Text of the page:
On appeal from Department of the Treasury, Division of Taxation, Transfer Inheritance Tax Bureau.
For reversal -- Chief Justice Vanderbilt, and Justices Heher, Oliphant, Burling, Jacobs and Weintraub. For affirmance -- None. The opinion of the court was delivered by Burling, J.
Margaret K. Bassett died on February 28, 1954, a New Jersey resident. The state inheritance tax has an impact upon 2,619 shares of stock of Bassett Estates, Inc., by virtue of gifts made by the decedent in contemplation of death or as a part of her estate at death. The "clear market value" of the stock (R.S. 54:34-5) was reported at $68.746 per share. The Director of the Division of Taxation has determined the value to be $116.53 per share. From this determination the executors appealed to the Superior Court, Appellate Division (R.S. 54:33-2) and we certified the cause prior to a review below.
Bassett Estates, Inc. was organized in 1930 by the decedent and her late husband, Carroll P. Bassett. They each contributed individually owned real estate and securities to the corporation in exchange for stock. Through the years the stock has been closely held and has remained within the Bassett family. It was never traded on the market. The tenor of the operation has remained the same -- a family investment in securities and real estate.
The total appraised value of the corporate assets (balance sheet -- 12/31/53) was nearly $1,900,000. Of this amount approximately $1,200,000 represented fixed assets of realty and equipment; investment securities amounted to $366,000; the entire stock of the Commonwealth Land Co. was owned by the corporation and was appraised at $165,000; and the balance was in receivable mortgages, notes and other accounts and cash on hand.
The realty holdings consist of rental property in Summit, New Jersey; offices, retail stores and apartments. These are actively managed by nine employees. In addition the corporation owns an extensive farm property of some 700 acres. It receives a rental income from tenants on this property and operates a dairy business which regularly employs six men. The Commonwealth Land Company, a wholly owned subsidiary, owns and rents a small office building and is developing other property for sale as building lots in the Summit area.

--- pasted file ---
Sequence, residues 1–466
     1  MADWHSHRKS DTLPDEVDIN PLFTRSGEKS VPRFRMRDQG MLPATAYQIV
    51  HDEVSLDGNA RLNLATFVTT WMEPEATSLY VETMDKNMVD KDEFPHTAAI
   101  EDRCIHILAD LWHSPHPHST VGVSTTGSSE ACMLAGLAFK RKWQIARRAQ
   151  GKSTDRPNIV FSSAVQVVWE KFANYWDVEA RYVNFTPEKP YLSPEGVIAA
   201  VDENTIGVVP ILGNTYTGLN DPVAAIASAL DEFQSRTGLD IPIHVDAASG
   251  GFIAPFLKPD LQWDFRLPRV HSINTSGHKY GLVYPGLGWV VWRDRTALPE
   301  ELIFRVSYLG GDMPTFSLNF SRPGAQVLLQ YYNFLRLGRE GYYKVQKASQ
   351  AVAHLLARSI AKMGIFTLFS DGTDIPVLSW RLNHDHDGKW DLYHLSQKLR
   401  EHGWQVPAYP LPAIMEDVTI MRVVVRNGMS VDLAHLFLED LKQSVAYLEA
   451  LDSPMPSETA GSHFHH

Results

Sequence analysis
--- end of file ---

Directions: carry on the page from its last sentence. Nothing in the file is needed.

In valuing the stock of Bassett Estates, Inc., the examiner in the Transfer Inheritance Tax Bureau restricted his analysis to the net assets of the corporation. That is, he subtracted total liabilities from total assets (appraised as of decedent's death) and divided the remainder (net assets) by the total shares outstanding. (In legal parlance this method has been termed a net asset value criterion.) This resulted in a value of $116.53 per share.
The market experts who filed opinions on behalf of the executors did not restrict themselves to a net asset approach. They considered other factors as well, e.g., the minority position of the stock, earnings, dividend record, a by-law restriction upon the sale of the stock. The five opinions submitted ranged from $68.7 to $78 per share as the clear market value.
The examiner did not disregard the expert analyses submitted by the executors because of a mere difference in opinion. They were rejected by holding that the various criteria used in the reports to construct a market value were wholly inapplicable in valuing the stock of "closely held holding companies." The examiner's Finding No. 15 recites:
"15. That the appraisal methods employed by the various appraisers for the estate have application, if at all, only in the case of the valuation of shares of stock of closely held operating companies. Such methods, however, have no application, as a matter of law, in the case of the valuation of shares of stock of closely held holding companies, and, for this reason, have been disregarded in establishing the value of the stock of Bassett Estates, Inc."
There is a substantial difference between rejecting per se all accepted criteria in establishing market value of closely held stock and considering these aids but attributing minimal significance to them upon the facts of a particular case. In re Nathan's Estate, 166 F.2d 422, 426, 427 (9 Cir. 1948). Our inquiry concerns the former situation; questions which might arise from the latter are not before us.
The starting point in valuation problems is the statute itself. R.S. 54:34-5 ordains that the ...